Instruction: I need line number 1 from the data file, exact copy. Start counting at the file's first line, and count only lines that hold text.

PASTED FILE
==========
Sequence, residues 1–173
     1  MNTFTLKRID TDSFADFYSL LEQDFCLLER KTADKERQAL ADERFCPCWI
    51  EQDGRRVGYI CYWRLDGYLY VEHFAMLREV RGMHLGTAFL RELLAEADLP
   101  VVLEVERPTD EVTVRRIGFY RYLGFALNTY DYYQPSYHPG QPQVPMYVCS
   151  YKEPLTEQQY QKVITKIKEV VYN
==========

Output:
Sequence, residues 1–173